dana marsh

Dana Marsh has developed a broad-ranging career in the field of Historical Performance as an ensemble director, countertenor, organist and academic. His early training came as a boy chorister at St. Thomas Choir School in New York and at Salisbury Cathedral in England. He received his Bachelor of Music degree from the Eastman School of Music, with subsequent Masters and Doctoral degrees in Historical Musicology coming from the University of Oxford. Marsh has taught early-music history at both Oxford and Cambridge universities and has published articles through the scholarly presses of both institutions.

Guest-conducting appearances have brought Marsh into fruitful collaboration with numerous vocal and instrumental ensembles, including the London Mozart Players, Magnificat (UK), and Cappella Romana. He founded the British early-music group, Musica Humana Oxford (2001-2008), which performed frequently in the UK and toured to the US to high critical praise (“… pleasing to the ear and satisfying to the soul.” – LA Times). He also served as a Fellow and Director of Chapel Music at Girton College Cambridge. He has prepared ensembles of young singers for recording and concert projects under Esa-Pekka Salonen and Antonio Pappano with the Los Angeles Philharmonic.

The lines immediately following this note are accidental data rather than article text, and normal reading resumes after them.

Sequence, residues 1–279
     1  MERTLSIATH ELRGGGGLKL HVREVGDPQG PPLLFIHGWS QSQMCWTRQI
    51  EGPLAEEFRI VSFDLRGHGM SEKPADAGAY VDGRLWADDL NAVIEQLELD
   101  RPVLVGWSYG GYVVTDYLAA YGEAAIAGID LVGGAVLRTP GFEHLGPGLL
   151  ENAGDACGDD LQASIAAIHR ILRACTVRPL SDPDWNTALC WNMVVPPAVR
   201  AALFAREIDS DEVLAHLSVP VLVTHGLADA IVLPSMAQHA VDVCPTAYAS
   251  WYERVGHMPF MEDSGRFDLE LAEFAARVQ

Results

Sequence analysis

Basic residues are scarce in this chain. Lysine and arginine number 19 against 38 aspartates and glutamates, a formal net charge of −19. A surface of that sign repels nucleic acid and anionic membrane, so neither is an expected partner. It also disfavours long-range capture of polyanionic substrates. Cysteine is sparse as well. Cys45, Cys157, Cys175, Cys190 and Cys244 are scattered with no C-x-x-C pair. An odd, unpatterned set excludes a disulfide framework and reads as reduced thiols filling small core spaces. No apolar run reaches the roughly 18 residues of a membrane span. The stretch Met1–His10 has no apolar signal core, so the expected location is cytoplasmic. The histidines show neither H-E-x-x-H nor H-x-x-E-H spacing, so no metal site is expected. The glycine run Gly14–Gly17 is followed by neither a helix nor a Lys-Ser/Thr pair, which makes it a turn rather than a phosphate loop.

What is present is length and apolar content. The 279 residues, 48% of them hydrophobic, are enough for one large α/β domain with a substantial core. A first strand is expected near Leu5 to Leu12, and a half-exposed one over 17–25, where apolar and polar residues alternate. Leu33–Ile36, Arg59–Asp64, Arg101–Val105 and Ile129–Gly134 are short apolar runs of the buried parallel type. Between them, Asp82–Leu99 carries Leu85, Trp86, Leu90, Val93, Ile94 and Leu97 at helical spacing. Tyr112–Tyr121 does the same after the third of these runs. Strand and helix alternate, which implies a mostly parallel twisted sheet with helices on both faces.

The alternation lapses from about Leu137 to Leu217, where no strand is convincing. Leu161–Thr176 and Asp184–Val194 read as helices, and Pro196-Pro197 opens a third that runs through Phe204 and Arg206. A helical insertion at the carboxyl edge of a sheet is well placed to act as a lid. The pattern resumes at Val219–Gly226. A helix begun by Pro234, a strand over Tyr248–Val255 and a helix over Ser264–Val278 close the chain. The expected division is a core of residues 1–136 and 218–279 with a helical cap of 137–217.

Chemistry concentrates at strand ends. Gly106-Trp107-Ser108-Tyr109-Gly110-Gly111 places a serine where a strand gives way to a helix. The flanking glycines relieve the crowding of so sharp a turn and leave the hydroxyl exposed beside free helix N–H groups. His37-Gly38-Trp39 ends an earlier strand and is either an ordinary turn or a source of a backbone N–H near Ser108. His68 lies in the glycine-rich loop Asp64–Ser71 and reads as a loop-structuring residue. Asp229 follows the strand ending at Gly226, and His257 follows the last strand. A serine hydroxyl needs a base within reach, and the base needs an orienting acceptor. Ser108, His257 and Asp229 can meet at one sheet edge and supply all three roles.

Marsh has extensive experience as a consort singer and vocal soloist in the US and the UK. He has performed with the American Bach Soloists, the Musica Angelica Baroque Orchestra, the Concert Royal, the New York Collegium (under the late Gustav Leonhardt), with the lutenist James Tyler, the Choir of New College Oxford and the Academy of Ancient Music. A regular with the Choir of New College while undertaking his doctoral research at Oxford, he recorded 15 discs with that ensemble, one of which won the Gramophone Early Music award in 2008. He has recorded variously for Decca, Avie, Sony, Universal, Koch International Classics, Erato and Signum.

“He is an energetic and persuasive conductor, and he accomplished a welcome and never inappropriate athleticism in these performances.” Los Angeles Times

“… a powerful and expressive countertenor …” The New York Times